The refresh clock may be positioned on the same chip as the memory array, and the refresh rate may be made temperature dependent. As the temperature increases, the refresh rate increases a corresponding amount to compensate for increased junction leakage.
An increased refresh rate may be employed to reduce alpha particle induced soft errors. Alpha particle interference may be further reduced by using an epitaxial substrate or diffused P wells. During power-up, the cells are completely immune to incident alpha particles because of the relatively low impedance of load diodes 464 and load transistors 564 and 764.
FIG. 6 shows an array of row charged pumped memory cells 610 and peripheral circuitry. On-chip-counter 680 provides a single refresh pulse simultaneously to every row of the array through buffers 682. Unlike dynamic memories, the refresh of the present charge pumped memories does not involve the regenerative capability of the sense amplifier. The refresh cycle of the present memory is therefore not limited to a single row at a time. However, the present memories could be refreshed by rows or sequentially by blocks to reduce the current transients requirements placed on the counter.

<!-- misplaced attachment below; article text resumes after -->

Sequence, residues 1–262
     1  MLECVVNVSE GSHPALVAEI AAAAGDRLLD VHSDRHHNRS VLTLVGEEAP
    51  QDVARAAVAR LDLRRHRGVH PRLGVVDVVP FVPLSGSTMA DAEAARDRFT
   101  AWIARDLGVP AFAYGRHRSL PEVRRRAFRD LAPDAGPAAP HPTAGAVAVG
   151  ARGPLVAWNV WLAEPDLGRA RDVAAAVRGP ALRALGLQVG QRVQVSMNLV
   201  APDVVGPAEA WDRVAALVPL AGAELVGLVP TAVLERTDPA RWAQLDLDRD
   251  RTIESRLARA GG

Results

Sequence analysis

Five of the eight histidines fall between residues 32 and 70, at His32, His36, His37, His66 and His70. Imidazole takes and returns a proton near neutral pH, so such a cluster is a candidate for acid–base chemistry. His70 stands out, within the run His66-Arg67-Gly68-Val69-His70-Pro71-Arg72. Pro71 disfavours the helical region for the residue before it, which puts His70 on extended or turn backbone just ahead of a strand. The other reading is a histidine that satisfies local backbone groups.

The coincidence of refresh with reading or writing is prevented by disable line 684 which disables the column decoder 686 during refresh. The disable period is about 0.1% of the memory duty cycle, as opposed to much higher disable periods in prior art dynamic memories. Off chip refresh, or refresh control may be provided for large systems requiring syncronization of data paths. The 1 millisecond interval between refresh pulses can be used for multiple read/write operations at any location because each accessed cell is independently powered through one of the access leads.
The prevention of refresh and read/write may also be avoided by disabling counter 680 through lead 690 (shown in dash) from read/write controller 692. The disable signal resets free running counter 680. The refresh cycle is automatically initiated at the end of the read/write operation by the falling edge of the read/write signal. All of the rows are refreshed including the one that has just been accessed, adding 50-100 nano seconds to the read/write cycle period. The refresh cycle is entirely transparent to the user.
FIG. 7A shows a charged pumped double cell 710 having a shared row switch 724R between odd cell 710:Od and 710:Ev. FIG. 7B shows a layout of cell 710, employing two levels of polysilicon. The first level includes load transistors 764(lt) and 764(rt), shared row switch 724R, and one of the storage transistors 763(rt). The second level of polysilicon (or another inter-connect material) is isolated from the first level and forms column access transistor 724C:Ev (the column access line) and the second storage transistor 763(lt).